In a bid to assess the upgraded domes, the American spacecraft manufacturer, SpaceX has announced the unveiling of the Starship tank prototype. The prototype has been in the developing stage for several months and was spotted floating around Starbase.

The prototype, which is just known as “EDOME” according to a tracking sticker pinned on its side, appears to be rather ordinary on the surface and might easily be mistaken for the newest in a long line of nine ‘test tanks’ SpaceX has already built, tested, and occasionally destroyed.

Under the conventional façade of nine-meter-wide steel rings and stringers, however, two tank domes are a substantial design shift from the dozens of domes SpaceX has built and tested over the last two years.

A big part of the dome redesign was centered on making them considerably easier to produce, similar to a new nosecone design that SpaceX only began testing for the first time a few days ago. The first improved Starship is currently under construction.

A big part of the dome redesign was centered on making them considerably easier to produce, similar to a new nosecone design that SpaceX only began testing for the first time a few days ago. Around the turn of the year, work on the first improved Starship nose prototypes began in earnest.

The improved domes took a little longer to develop, with the first completed prototype showing in mid-March. To some extent, the redesigned dome went even further than SpaceX’s relatively modest nose redesign, reducing the structure to just one key component.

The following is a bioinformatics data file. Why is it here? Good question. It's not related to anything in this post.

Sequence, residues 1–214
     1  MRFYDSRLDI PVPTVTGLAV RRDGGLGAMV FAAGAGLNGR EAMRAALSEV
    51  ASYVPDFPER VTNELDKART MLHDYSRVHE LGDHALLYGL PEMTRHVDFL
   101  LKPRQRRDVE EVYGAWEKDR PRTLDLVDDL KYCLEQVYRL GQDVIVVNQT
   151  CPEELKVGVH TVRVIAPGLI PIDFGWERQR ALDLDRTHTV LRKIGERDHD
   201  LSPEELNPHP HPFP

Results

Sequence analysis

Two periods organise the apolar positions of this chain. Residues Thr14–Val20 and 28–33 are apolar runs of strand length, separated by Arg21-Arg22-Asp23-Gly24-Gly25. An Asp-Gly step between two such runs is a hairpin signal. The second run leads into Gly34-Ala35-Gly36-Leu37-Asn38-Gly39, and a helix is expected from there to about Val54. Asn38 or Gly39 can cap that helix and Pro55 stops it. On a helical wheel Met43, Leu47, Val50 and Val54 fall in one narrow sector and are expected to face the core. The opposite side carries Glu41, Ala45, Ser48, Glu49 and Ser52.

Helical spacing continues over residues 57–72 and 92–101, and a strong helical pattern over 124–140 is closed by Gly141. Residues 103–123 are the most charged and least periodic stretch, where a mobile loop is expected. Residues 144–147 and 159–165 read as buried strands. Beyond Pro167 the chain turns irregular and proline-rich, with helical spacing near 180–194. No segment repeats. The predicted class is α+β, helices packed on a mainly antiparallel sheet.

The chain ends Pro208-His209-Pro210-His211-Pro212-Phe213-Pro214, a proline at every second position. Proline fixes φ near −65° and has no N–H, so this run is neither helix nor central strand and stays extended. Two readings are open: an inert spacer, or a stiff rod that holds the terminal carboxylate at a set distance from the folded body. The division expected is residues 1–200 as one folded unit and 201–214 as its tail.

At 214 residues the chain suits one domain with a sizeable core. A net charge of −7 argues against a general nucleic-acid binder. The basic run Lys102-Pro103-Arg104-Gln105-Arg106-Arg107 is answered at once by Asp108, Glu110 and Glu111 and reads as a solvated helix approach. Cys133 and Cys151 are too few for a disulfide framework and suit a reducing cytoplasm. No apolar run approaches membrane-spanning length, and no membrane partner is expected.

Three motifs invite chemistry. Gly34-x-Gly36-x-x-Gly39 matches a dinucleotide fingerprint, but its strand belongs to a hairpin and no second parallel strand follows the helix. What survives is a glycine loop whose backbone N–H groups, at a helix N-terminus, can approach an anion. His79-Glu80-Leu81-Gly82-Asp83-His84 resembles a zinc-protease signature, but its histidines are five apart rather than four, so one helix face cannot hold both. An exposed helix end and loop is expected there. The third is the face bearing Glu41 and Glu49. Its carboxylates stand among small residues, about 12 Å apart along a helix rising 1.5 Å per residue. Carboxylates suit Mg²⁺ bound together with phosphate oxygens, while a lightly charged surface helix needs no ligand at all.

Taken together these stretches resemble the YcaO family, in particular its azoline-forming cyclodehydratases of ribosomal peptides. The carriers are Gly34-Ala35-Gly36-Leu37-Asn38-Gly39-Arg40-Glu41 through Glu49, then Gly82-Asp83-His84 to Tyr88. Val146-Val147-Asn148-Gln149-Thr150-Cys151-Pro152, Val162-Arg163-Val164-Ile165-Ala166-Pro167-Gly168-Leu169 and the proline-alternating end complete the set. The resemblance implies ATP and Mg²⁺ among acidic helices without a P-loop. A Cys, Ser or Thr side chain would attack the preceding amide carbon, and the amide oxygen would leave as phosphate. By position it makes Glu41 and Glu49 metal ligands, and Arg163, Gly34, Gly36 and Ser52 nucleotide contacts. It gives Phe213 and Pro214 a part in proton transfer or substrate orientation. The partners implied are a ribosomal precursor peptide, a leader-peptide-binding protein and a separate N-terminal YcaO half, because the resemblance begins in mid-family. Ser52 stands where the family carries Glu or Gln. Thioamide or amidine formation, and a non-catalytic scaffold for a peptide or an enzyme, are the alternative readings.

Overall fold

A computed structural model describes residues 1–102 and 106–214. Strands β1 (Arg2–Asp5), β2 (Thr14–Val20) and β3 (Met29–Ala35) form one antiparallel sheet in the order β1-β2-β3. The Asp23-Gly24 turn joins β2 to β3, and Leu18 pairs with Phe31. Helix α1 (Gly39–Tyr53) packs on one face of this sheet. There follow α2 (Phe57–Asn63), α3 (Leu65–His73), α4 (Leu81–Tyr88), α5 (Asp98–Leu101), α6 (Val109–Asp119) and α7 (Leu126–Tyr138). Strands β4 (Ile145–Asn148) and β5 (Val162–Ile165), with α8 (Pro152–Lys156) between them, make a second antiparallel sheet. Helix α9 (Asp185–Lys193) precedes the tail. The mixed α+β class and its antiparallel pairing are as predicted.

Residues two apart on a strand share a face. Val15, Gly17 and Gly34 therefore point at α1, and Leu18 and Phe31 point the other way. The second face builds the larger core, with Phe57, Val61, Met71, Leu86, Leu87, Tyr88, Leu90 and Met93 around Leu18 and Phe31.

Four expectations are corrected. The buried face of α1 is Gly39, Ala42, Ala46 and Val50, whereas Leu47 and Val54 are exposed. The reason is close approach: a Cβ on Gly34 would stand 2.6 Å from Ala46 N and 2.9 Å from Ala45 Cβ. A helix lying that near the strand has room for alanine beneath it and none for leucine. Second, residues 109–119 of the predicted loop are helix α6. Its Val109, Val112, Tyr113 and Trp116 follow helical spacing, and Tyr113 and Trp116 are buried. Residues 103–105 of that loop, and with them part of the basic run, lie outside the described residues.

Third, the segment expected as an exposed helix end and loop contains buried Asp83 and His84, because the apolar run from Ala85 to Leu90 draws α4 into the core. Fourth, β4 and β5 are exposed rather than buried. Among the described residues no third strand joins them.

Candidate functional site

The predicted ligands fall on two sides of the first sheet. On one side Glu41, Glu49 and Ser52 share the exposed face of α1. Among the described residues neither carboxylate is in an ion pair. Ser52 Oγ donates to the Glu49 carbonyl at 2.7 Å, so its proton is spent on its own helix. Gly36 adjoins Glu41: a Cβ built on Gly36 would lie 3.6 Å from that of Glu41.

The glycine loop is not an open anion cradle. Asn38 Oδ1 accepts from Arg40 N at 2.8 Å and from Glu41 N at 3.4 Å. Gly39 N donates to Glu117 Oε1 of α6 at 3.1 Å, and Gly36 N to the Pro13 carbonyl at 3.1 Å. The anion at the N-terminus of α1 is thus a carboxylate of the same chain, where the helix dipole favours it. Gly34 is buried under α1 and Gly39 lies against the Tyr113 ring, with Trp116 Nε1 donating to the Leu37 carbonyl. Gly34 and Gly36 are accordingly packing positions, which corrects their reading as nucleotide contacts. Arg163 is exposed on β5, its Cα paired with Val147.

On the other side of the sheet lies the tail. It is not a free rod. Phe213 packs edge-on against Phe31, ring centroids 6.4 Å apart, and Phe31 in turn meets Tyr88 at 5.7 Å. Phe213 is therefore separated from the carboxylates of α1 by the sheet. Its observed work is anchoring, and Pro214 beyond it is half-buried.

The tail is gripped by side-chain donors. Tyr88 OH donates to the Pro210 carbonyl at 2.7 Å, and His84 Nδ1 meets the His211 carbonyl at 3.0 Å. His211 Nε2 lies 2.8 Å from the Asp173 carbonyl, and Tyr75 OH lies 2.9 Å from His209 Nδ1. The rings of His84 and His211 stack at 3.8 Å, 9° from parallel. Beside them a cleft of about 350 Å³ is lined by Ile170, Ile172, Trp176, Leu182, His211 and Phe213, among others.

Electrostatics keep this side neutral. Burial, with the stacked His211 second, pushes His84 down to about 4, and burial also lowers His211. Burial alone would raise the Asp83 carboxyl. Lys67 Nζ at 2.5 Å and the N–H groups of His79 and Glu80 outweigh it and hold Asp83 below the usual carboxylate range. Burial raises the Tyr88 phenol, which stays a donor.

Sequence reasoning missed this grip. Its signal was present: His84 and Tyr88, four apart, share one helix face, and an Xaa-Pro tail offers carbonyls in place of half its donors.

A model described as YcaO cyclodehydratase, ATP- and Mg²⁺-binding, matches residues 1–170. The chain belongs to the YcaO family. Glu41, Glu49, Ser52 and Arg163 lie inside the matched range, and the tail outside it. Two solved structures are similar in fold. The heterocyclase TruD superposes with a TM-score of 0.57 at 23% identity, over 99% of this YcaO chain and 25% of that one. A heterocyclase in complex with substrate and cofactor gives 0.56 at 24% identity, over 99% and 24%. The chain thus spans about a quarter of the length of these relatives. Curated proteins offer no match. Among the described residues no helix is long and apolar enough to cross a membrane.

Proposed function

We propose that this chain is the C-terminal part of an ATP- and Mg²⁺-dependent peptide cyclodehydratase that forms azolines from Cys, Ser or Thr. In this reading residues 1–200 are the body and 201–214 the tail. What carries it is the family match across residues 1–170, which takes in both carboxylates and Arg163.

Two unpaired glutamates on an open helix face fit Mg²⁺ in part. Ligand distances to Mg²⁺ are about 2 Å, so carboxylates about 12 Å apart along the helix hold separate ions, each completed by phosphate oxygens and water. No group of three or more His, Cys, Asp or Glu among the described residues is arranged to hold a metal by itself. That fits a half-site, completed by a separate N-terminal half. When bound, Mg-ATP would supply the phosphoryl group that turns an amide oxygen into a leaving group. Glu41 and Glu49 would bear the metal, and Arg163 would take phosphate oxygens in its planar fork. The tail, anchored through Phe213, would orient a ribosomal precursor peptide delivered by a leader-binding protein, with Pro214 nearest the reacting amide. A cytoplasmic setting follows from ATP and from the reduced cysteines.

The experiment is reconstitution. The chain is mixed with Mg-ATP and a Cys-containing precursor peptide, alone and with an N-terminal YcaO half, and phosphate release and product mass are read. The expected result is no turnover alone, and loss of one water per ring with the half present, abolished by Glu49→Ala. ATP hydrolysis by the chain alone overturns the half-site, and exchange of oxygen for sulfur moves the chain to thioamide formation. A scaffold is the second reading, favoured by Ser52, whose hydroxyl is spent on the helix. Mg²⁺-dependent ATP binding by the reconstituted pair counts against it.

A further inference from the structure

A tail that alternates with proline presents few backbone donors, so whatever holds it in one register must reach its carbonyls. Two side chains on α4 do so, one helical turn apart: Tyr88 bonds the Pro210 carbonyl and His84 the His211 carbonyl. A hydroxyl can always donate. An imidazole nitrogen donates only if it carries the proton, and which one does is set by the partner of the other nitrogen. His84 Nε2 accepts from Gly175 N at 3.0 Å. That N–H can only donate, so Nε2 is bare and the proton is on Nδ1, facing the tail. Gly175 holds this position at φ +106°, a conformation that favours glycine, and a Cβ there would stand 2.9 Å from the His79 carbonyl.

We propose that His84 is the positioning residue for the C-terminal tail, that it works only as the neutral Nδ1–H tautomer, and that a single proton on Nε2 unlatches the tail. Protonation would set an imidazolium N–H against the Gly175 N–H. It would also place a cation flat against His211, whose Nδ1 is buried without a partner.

SpaceX’s dome redesign appears to have decreased the number of stacked parts from three to one, although the nose redesign simplified nose assembly from five to three different stacked sets of welded ‘gores,’ or tapering slices of metal. In comparison to the nearly 40 different pieces and three stacks required for each older dome, the new dome design should only require 18 ‘gores’ and one small cap.

SpaceX has also managed to improve the efficiency of the design while still making it significantly easier to assemble because of the new dome’s more hemispherical form. Despite being substantially smaller than the previous design, the new dome should be able to contain nearly the same quantity of propellant.

It won’t be long after the tank arrives at SpaceX’s Starbase launch and test facilities on June 8th before it begins its first test campaign. SpaceX may begin with a pneumatic or water test to check for leaks and ensure basic structural integrity, or it may proceed straight to cryogenic pressure/stress testing with liquid nitrogen, as it has in the past.

While the primary purpose of any test tank is to learn about new hardware, the best-case scenario would be for the tank to either survive or be destroyed well above the maximum pressure it was built to withstand. Starship tanks were intended to operate at 6.5 bar by 2020, with the ability to withstand up to 8-8.5 bar.

Before the end of today, the Starship S24 is scheduled to return to Starbase’s build site for final assembly, allowing SpaceX to test the EDOME tank during one or more 12-hour test windows scheduled for June 13th, 14th, and 15th. Follow TechGenyz for more latest updates.

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